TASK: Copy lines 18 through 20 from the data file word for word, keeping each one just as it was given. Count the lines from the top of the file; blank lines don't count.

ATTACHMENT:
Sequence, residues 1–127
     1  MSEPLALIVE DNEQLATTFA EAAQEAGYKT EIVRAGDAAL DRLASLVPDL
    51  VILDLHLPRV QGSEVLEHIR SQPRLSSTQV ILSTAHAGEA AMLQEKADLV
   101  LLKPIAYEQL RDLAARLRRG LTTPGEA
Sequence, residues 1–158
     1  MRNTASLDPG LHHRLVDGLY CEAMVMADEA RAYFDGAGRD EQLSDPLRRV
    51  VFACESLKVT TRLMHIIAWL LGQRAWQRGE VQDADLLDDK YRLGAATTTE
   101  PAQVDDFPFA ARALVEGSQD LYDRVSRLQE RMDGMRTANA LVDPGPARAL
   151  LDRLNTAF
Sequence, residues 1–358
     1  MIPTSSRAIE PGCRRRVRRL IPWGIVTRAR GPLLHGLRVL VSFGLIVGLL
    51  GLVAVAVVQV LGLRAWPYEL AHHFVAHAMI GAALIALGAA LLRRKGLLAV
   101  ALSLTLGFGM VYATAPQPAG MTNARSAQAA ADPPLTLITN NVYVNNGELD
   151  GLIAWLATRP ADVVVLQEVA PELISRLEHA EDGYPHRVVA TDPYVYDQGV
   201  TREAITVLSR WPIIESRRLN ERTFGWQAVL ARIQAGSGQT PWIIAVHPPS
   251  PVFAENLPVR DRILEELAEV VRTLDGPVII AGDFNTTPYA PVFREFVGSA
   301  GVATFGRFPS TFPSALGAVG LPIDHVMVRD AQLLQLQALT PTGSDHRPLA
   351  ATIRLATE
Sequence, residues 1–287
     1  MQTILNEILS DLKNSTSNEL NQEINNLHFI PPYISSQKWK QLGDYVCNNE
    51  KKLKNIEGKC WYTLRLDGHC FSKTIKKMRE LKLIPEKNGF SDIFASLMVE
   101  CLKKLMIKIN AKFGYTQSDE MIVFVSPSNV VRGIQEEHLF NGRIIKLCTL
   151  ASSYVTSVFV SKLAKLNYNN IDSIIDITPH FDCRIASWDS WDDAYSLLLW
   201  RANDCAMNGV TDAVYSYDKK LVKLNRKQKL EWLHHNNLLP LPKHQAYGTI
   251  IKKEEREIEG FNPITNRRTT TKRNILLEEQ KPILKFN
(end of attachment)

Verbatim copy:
   351  ATIRLATE
Sequence, residues 1–287
     1  MQTILNEILS DLKNSTSNEL NQEINNLHFI PPYISSQKWK QLGDYVCNNE